The Carlisle Mosquito Online

Friday, October 18, 2002


Lowell Cinema
Lexington Flick
Maynard Arts
Burlington Mall

CROP Walk set for Sunday

The 22nd annual CROP Walk for the Hungry in Concord will be held on the afternoon of Sunday, October 20, beginning at 1:30 p.m. at First Parish Church in Concord Center. This walk is the oldest sponsored walk in Concord. It has been a major and growing interdenominational and community effort for forty to fifty churches, temples and schools in the towns of Concord, Bedford, Acton, Sudbury and Maynard for the past twenty years. Part of the proceeds from the walk goes to help support food pantries and suppers in those five towns.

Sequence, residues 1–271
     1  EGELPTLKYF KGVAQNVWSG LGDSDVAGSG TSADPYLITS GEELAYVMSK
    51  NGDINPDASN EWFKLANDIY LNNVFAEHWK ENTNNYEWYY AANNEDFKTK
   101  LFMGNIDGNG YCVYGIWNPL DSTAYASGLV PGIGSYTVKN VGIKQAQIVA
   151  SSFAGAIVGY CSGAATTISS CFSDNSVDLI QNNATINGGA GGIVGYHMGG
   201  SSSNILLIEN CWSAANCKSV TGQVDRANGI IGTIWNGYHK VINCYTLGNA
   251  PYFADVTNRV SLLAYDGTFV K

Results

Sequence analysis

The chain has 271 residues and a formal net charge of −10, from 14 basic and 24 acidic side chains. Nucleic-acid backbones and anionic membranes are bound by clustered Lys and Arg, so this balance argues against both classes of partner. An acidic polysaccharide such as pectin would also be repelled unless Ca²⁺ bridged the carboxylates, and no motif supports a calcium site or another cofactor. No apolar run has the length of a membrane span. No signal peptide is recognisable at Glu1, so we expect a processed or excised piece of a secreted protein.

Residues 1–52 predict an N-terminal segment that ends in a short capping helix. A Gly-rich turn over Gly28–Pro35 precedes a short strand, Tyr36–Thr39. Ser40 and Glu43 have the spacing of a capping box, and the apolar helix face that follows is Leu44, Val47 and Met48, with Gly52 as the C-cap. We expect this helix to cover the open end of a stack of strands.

Walk activities begin at 1:30 p.m. These will include a short concert before the walk by the Concord-Carlisle High School Pep Band and music in the middle of the walk at the Buttrick Mansion in the Minuteman Historical Park area by the Yankee Stompers. Colorful banners showing work funded by the money raised are brought to the walk by various school and religious youth organizations. After the banners have been judged, the walkers will step off at 2:15 p.m. led by religious leaders from the five towns. After the walk, an art contest will be held at First Parish for children and youth who would like to create a design for next year's T-shirt.

For more information on participation and/or sponsorship, call Carl Miller at 1-978-369-3755 or Gail Kearns at 1-978-369-3090.

Community Chest hosts Pumpkin Festival